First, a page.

Chancellor criticised for excluding Northern Rock from Budget

05 March 2008 / by Rachael Stiles
The Chancellor, Alistair Darling, has received fresh criticism for his plans to leave Northern Rock out of his first Budget next week.

There are various theories behind the Chancellor's decision to treat the nationalised bank as a special item on the agenda. Most prominent is his desire to keep within the Government's rules about sustainable investment and not exceeding 40 per cent of gross domestic product; adding Northern Rock to the books would push this figure to between 43 and 45 per cent.

Ministers have maintained that the Chancellor is not cooking the books, as the Conservative Party believes him to be, but that he does not want to distort the financial outlook by incorporating the £100 billion of Northern Rock liabilities into the Budget when it is only intended to be in public ownership for a limited period.

One of the bank's main shareholders, Legal & General, has spoken out against the Government's treatment of the Northern Rock scenario and its decision to nationalise the bank when, in their opinion, it was still a going concern.

Legal & General has announced that it is considering legal action against the Government for valuing the bank as if it was bust and suspending the shares which were worth just 90p, a dramatic fall from £12 a year ago. Shareholders are expected to be offered about 5p per share, and the bank will take the Government to court if it does not feel that investors are offered sufficient compensation.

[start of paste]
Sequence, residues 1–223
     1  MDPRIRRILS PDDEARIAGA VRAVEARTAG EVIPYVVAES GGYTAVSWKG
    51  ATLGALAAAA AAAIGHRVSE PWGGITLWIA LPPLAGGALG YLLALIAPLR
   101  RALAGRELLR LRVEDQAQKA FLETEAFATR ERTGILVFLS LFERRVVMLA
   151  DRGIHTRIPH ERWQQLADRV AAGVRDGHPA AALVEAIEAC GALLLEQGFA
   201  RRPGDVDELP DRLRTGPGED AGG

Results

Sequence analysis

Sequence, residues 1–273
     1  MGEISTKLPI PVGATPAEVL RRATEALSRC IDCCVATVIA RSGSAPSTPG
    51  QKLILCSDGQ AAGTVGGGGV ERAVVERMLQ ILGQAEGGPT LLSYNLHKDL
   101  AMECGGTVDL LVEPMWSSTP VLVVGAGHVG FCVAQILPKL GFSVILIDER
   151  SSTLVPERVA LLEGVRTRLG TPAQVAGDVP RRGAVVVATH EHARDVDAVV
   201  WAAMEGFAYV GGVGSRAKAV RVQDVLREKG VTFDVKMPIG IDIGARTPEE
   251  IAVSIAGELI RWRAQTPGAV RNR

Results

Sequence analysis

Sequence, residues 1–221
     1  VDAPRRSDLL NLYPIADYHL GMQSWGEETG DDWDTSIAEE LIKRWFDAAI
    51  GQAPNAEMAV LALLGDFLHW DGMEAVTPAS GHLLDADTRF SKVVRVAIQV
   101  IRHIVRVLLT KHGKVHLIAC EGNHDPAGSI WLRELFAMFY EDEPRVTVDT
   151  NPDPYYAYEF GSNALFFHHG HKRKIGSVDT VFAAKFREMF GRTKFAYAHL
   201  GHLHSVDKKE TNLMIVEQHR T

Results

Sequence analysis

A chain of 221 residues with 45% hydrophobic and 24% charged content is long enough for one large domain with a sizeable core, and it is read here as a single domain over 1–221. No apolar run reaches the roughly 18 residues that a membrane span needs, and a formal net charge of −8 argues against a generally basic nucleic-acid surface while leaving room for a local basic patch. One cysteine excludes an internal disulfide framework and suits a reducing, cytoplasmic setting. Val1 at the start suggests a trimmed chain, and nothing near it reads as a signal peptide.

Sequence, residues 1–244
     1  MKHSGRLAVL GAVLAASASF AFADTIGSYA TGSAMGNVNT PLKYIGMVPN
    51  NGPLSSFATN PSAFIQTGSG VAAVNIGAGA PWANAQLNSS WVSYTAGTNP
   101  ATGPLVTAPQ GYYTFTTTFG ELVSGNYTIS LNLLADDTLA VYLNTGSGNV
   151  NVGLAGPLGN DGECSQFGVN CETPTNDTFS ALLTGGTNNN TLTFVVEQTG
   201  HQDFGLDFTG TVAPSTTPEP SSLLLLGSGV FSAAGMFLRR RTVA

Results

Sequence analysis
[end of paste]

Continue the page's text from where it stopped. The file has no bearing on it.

Meanwhile, the Office of National Statistics (ONS) has insisted that Granite, Northern Rock's offshore vehicle for long-term mortgage funding, is the concern of Northern Rock and therefore of the UK taxpayer, even though it has not been nationalised.

The taxpayer will be responsible for any defaults it incurs because Northern Rock is responsible, the ONS has said, and that the bank's risks are the nation's risks while it is in public ownership, despite the Chancellor insisting that Granite is a separate entity, is legally separate from Northern Rock, and that the Government has not offered any guarantees to Granite's bondholders.

Northern Rock's management has also come under fire following the revelation that it paid £15 million for the Newcastle Falcon's rugby club grounds when it could not keep up with its mortgage repayments, just weeks before it approached the Bank of England for emergency funding, loans which eventually rose to £30 billion. Because the loans from the Bank of England were given at a high rate of interest, the acquisition of the grounds could be costing about £1 million a year in interest.

© Fair Investment Company Ltd